> > identifies as the core battlefield, as is Mr. Jenkins, owner of
        150
        > > acres
        > > and author of the popular book "Walk Across America."
        > >
        > > "I've had a for-sale sign on it since I bought it. Every piece of
        > > property
        > > I have is for sale, but I'm in no big hurry to sell any of it,"
        the
        > > mayor
        > > says.
        > >
        > > "Ninety percent of the battlefields in Tennessee are in private
        > > ownership,
        > > and they can do what they want with their lands," laments Stuart
        > > Moore, a
        > > landscaper and chairman of the 75-member Tennessee Civil War
        > > Preservation
        > > Association. "That's what we face in Tennessee." As well, middle
        > > Tennessee's fast-growing population, led by greater Nashville's
        17.5
        > > percent increase from 1990 to 2000, has made millionaires out of
        many
        > > farmers and pushed development to Spring Hill.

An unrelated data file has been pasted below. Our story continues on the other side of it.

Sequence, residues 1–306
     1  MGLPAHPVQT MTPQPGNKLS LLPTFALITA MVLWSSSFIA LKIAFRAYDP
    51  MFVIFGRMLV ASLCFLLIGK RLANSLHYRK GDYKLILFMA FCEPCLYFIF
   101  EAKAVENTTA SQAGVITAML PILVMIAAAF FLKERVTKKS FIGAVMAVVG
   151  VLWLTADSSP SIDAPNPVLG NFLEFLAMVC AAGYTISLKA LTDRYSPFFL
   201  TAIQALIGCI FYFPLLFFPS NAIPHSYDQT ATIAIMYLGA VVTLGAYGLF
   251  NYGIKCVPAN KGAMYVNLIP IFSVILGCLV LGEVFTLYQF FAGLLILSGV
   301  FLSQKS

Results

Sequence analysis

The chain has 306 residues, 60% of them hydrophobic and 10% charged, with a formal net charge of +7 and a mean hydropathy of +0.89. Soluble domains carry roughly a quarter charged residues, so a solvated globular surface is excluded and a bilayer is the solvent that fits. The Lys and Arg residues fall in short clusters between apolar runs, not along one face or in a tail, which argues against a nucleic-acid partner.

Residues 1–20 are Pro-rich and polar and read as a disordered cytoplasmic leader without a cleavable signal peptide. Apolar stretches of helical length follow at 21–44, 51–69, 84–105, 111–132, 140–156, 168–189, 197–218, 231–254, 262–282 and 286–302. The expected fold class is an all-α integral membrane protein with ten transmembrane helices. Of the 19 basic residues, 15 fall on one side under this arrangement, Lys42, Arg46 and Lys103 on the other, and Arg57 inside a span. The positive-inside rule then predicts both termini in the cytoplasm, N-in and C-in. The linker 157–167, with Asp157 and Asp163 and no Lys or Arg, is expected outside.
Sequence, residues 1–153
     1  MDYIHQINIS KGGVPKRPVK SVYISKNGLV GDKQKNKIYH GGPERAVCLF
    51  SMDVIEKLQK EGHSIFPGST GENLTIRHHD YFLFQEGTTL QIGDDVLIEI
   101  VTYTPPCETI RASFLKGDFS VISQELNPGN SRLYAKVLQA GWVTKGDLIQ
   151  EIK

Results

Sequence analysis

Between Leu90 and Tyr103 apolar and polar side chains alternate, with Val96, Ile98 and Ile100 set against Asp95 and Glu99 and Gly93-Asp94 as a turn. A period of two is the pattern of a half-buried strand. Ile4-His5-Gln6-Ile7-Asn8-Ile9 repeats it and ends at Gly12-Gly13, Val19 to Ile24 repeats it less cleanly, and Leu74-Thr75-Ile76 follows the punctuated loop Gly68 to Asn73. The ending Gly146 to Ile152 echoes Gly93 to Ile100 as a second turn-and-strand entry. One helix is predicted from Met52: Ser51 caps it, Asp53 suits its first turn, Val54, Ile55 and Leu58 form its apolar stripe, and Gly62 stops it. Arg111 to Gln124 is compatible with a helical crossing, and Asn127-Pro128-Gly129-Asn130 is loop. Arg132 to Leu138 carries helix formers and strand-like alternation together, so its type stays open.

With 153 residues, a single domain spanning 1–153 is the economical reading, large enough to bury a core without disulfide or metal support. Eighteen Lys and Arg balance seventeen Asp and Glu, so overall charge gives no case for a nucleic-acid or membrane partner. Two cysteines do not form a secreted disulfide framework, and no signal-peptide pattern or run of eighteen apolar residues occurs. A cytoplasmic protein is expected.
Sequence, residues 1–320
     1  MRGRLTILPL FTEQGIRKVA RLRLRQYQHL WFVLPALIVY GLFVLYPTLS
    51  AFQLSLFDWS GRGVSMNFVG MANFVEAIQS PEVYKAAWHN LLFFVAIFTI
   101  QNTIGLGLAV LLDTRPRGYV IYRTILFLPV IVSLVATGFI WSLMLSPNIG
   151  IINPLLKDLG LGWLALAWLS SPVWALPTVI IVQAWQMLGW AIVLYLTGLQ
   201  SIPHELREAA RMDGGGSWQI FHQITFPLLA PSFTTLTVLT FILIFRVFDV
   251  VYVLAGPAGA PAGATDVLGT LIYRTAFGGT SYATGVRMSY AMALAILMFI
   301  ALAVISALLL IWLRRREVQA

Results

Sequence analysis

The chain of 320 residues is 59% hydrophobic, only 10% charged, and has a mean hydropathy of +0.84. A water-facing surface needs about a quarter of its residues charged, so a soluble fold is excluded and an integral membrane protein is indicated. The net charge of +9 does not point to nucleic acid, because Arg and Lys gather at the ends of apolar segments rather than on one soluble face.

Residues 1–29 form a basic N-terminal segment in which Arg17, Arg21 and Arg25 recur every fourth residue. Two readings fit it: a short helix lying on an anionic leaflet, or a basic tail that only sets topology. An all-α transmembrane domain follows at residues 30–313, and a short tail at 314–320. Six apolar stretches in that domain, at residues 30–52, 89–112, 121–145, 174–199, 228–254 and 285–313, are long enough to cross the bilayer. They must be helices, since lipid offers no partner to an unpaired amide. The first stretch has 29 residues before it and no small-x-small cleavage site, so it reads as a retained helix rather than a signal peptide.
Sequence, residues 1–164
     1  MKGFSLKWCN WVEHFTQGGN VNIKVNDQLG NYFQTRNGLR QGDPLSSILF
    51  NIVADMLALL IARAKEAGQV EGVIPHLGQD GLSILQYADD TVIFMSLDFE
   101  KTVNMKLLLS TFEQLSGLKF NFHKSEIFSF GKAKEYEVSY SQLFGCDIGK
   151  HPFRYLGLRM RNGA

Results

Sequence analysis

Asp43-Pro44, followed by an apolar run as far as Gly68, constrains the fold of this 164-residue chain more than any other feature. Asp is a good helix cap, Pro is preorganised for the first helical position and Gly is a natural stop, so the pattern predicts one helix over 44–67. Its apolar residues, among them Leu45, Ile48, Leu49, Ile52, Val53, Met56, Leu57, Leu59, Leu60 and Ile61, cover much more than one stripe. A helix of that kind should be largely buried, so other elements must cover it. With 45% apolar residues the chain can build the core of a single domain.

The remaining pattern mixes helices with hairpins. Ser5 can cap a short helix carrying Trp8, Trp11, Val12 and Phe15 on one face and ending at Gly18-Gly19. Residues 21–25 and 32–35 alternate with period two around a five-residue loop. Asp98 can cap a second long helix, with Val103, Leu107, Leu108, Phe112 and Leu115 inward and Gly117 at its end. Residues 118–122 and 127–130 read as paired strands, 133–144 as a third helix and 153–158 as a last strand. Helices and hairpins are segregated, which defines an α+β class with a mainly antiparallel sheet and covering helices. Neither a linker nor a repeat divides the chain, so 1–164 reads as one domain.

> >
        > > Mrs. Heiss, the 65-year-old editor of the town weekly, was once
        teased
        > > by
        > > Mayor Williams, she says, as part of what he called the
        "blue-haired
        > > brigade" that helped raise money to buy the 110 preserved acres.
        She
        > > notes
        > > Spring Hill residents' wariness of battlefield supporters, which
        she
        > > has
        > > seen grow in the past decade as more and more local farmers sold
        to
        > > land
        > > speculators.
        > >
        > > "If they listen to us preservationists, then they won't be able to
        > > sell to
        > > whatever industrial company comes in. I guess they're afraid we'll
        > > stand in
        > > their way," she says.
        > >
        > > "It's gotten so that if they find [even] one Minie ball, they're
        going
        > > to
        > > hide it."
        > >
        > > Mayor Williams insists that he is not opposed to preservation. The
        > > city's
        > > stance is: "We don't own it. If you want it preserved, buy and you
        can
        > >
        > > preserve it. It's your right. Mr. Adams - he bought the land, he
        > > sweated
        > > and paid for it. He paid taxes on it."
        > >
        > > Presented with period accounts that describe the casualties and
        fury
        > > of